Tasks you will want to do at this time may include:
•    Obtain multiple certified copies of the death certificate
•    Re-title accounts, property, automobiles, insurance policies like homeowners’ & auto, etc.  It is important to remove your deceased spouse and to make sure that if you become incapacitated someone trusted is able to access funds on your behalf, for example to pay for nursing care.
•    Work with your family attorney to begin to probate the will.
•    Contact all life insurance companies to begin the claims process.  If you receive a windfall in the form of life insurance proceeds, take your time to decide how to handle these funds.  You and your spouse put life insurance in place to take care of each other, and caring for your most important needs should be the first priority for any payout of this type. Any gifts or splurges definitely come second to making sure you have what you need to be financially secure.  Your spouse would not have wanted it any other way!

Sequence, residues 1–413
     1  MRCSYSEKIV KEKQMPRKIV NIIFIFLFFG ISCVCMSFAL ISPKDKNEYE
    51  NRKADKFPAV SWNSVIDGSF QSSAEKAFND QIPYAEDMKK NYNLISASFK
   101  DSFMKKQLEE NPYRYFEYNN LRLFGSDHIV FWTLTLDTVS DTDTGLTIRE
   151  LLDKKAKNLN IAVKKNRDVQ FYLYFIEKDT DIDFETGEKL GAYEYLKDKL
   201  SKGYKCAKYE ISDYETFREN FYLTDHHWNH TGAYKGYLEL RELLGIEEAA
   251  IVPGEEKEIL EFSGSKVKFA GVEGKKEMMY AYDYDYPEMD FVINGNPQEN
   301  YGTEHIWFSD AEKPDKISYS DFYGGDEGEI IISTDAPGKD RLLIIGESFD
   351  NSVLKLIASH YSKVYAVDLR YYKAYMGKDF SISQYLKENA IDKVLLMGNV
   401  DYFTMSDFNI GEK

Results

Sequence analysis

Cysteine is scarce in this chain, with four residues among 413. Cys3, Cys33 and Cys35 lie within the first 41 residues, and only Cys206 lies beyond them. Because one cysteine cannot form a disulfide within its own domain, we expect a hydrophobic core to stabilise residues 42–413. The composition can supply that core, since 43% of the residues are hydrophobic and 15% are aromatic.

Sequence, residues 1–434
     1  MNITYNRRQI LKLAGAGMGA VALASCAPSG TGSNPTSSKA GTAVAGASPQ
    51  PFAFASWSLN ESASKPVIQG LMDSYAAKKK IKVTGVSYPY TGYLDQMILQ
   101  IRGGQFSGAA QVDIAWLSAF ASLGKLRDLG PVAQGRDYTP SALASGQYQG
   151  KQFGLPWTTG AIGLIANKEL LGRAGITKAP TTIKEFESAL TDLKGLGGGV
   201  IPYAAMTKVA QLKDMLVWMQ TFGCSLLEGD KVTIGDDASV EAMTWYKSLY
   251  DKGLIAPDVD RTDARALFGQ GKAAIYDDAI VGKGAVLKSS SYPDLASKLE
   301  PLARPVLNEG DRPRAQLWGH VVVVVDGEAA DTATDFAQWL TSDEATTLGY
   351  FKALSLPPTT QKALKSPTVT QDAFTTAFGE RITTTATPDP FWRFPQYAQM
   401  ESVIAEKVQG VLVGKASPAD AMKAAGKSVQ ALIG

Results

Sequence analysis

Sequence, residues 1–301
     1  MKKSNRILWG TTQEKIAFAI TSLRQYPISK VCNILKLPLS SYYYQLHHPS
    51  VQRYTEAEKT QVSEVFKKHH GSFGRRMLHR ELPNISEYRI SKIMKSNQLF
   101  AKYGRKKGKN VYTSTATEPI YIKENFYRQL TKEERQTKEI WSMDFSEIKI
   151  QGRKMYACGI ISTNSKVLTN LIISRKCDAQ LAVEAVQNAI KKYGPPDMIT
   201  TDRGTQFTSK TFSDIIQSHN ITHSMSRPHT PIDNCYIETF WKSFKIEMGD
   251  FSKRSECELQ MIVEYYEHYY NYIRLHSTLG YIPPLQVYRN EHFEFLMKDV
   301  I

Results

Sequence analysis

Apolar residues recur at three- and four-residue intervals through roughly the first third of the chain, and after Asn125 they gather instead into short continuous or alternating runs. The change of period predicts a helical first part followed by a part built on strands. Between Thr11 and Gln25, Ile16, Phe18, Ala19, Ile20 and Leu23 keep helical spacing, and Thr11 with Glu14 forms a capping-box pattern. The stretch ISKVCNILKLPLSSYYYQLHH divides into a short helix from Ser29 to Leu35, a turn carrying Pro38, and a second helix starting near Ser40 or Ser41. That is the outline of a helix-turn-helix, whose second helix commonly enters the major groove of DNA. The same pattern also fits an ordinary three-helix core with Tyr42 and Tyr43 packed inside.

•    Get in touch with Social Security to inform them of the death of your spouse and to apply for survivor benefits.
•    If your spouse was working, contact Human Resources to claim any benefits to which you may be entitled including employer-based life insurance, vacation payouts, or any other benefit.
•    Contact past employers about any pension or 401(K) plans that may still exist with that company.
•    Understand any military benefits to which you may be entitled.
•    Report the death to Social Security by calling +1 (800) 772-1213.
•    Contact all credit card companies or other lenders and follow their process to remove your spouse from these accounts.
•    Begin the task of re-evaluating your budget, working with a competent and caring planner or CPA on this important task.

Collected Resources: